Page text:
I have been working on a new piece this week. In fact, nine new, similar, but not quite identical, pieces.
I covered nine 6.35 cm (2.5 in) wooden blocks with three different Japanese papers purchased from The Paper Place in Toronto. It’s almost exactly a year since I prepped the blocks by sealing them with several coats of starch paste/PVA mix.
Planning ahead can make things easier in the long run.
Tonight’s flick combines two of my loves: books and maps. The video is from the British Library Learning series on Vimeo.
You might spend a few minutes this weekend admiring some pop-up and movable books —another of my interests— in their collection. There’s lots more to explore from the British Library here.
I began this week by finishing the folding of all the outer locking panels.
The image above shows the set of panels for Memory Bank V.
Another binder/conservator is featured in this week’s Friday Night Flick: Judith Ivry.
Although there is no information provided on Ms. Ivry on the Vimeo page for the video, I did some internet sleuthing and dug up her website. Her website shows examples of box-making, edition binding, restoration/conservation work and more, and is definitely worth checking out this weekend.
I spent the week folding paper and assembling the five cubes for the work tentatively named Memory Bank. The cubes will be displayed as a group, but also work individually.
Posted in art, artist's books, book arts, bookbinding, instructions, knitting, maps, paper folding
Tagged art, artist's books, book arts, bookbinding, instructions, knitting, paper folding, tutorial
This week’s flick is a return to more bookish content: a short interview with Jeff Peachey, book binder and conservator, filmed by New Tang Dynasty Television.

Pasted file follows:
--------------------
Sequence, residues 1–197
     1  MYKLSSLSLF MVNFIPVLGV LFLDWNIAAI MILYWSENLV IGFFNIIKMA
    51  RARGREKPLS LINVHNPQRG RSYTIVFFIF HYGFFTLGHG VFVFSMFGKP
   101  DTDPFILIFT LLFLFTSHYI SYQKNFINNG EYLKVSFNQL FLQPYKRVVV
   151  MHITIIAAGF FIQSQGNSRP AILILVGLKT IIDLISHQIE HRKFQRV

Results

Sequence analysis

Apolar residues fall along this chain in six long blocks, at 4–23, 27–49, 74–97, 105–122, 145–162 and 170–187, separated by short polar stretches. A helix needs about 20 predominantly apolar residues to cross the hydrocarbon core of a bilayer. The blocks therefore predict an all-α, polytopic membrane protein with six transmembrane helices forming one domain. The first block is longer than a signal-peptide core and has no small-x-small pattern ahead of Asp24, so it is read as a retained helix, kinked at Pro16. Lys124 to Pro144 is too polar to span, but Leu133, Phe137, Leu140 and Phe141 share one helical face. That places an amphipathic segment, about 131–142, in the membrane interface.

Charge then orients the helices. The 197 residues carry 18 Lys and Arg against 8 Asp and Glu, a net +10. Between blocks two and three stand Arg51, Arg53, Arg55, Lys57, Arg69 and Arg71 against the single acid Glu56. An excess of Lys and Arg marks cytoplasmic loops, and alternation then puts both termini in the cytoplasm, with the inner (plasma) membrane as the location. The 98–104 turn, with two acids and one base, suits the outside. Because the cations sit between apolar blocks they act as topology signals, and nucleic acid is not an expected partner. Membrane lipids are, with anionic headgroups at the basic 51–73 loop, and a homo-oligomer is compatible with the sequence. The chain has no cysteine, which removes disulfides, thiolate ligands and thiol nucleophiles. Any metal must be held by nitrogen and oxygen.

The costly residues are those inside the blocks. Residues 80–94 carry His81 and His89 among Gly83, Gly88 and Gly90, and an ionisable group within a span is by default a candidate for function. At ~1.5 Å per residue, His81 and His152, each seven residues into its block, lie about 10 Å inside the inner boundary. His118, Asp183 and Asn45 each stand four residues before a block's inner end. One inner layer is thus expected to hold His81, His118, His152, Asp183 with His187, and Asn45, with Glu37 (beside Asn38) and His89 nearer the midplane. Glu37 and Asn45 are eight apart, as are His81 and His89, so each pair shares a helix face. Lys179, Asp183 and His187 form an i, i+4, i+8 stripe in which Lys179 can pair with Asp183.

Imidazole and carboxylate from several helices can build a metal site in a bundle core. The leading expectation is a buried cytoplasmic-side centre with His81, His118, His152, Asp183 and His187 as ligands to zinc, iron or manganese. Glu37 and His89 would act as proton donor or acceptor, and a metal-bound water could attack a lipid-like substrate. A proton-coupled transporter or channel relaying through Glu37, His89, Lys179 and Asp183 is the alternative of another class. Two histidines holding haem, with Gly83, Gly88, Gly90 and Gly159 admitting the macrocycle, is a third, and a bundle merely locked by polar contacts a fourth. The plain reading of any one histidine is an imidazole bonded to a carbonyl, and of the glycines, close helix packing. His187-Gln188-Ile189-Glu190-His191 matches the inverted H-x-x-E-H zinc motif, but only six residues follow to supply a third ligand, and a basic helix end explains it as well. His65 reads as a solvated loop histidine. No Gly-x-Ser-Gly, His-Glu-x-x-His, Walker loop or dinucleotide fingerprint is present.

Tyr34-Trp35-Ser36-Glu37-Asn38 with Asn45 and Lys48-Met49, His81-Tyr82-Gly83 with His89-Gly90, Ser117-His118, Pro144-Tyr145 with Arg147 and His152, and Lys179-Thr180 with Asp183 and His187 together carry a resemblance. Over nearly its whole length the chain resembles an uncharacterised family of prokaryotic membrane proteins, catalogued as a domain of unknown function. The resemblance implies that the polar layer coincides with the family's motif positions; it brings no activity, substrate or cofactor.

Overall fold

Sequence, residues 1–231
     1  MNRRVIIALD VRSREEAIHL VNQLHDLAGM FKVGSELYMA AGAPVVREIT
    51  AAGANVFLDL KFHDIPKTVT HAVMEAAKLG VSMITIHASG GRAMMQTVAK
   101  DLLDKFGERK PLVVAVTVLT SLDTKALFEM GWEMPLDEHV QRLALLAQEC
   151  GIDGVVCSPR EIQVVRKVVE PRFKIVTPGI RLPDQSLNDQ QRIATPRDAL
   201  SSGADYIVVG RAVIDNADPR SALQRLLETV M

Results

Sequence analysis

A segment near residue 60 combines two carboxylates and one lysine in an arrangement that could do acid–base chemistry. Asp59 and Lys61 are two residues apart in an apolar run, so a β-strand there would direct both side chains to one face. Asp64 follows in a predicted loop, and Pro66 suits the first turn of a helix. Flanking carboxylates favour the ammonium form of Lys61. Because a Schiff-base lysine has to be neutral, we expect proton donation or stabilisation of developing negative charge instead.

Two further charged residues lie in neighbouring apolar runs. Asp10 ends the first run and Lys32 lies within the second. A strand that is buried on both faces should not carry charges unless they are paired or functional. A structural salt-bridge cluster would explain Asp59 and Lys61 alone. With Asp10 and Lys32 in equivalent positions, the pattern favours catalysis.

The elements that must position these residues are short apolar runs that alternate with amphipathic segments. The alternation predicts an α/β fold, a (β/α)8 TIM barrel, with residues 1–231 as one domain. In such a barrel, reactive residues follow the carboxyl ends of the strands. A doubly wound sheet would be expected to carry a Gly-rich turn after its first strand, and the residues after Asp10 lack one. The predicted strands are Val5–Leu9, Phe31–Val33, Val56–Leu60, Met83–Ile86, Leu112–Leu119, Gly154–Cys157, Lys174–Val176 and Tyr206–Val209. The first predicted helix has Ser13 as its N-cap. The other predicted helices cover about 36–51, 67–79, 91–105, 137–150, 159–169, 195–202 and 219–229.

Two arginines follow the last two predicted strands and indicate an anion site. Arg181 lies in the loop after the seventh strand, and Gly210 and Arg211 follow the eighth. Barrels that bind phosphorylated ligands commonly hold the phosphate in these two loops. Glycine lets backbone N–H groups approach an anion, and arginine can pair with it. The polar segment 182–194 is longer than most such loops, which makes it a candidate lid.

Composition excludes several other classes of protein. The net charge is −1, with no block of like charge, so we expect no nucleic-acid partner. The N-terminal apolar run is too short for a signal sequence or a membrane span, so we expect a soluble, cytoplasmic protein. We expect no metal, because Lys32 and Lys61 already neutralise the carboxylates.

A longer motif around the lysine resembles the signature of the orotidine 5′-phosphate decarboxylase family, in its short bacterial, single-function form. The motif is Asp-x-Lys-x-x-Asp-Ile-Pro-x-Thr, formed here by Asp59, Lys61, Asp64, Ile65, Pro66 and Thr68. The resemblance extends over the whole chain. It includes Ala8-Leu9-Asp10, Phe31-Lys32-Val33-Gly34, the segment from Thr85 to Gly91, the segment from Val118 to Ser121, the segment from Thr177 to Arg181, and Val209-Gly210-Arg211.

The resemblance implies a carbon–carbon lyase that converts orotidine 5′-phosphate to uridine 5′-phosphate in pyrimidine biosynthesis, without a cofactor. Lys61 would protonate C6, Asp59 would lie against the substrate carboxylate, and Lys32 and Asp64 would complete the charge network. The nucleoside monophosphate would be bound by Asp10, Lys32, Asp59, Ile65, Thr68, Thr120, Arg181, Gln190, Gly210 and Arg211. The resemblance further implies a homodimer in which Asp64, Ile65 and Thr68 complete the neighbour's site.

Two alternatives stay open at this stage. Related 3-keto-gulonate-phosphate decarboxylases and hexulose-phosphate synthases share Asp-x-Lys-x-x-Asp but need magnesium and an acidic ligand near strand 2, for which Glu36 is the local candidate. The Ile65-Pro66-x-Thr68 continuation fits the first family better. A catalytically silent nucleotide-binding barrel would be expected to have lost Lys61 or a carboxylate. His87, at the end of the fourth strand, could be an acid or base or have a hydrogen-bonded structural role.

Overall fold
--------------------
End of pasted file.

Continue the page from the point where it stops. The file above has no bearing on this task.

You can watch a second video of Jeff this weekend, showing him at work. The filming was done for a commercial and Peachey says of it:
I think it looks great, and even though the details are wrong, the total impression is very appealing and accurate.
You could also check out Jeff’s blog posts here or drool over his beautiful handmade tools in his on-line shop.
If you have been following this blog for a while you may recall that I spent several weeks early in 2019 backing paper for use in works for my September 2020(?) exhibition Square Dance at the Saskatchewan Craft Council Gallery in Saskatoon. Some of the paper I backed was map pages from an English road map guide.
This week’s paper engineer, Matt Shlian, produces more abstract forms than Benja Harney who was featured last week. From the text on Vimeo:
Matthew Shlian works within the increasingly nebulous space between art and engineering. As a paper engineer, Shlian’s work is rooted in print media, book arts, and commercial design, though he frequently finds himself collaborating with a cadre of scientists and researchers who are just now recognizing the practical connections between paper folding and folding at microscopic and nanoscopic scales.
You could spend a few minutes this weekend checking out Shlian’s website, or his Instagram account.
I had thought I might be finished my piece for #areyoubookenough_machine by today. I am close, but not quite there.
Monday saw the beginning of a volvelle for the end of the square tube opposite the iris.
Posted in art, artist's books, book arts, bookbinding, free book, free printable, instructions, moveable books
Tagged art, artist's books, book arts, bookbinding, free printable, instructions, moveable books
Tonight’s flick from the Australian Design Centre features Benja Harney. From the text on Vimeo:
Benja Harney is a self-taught paper engineer, working professionally for six years. His work spans from pop-up books for the likes of Kylie Minogue to window installations for brands such as Hermès, from advertising work for Sydney’s New Mardi Gras and Parklife to packaging for Smirnoff Black. Harney created an installation called The Paper Attic for Object Gallery’s Project Space through August and September of 2011.
You could spend some time this weekend checking out more of Harney’s projects in detail on his website.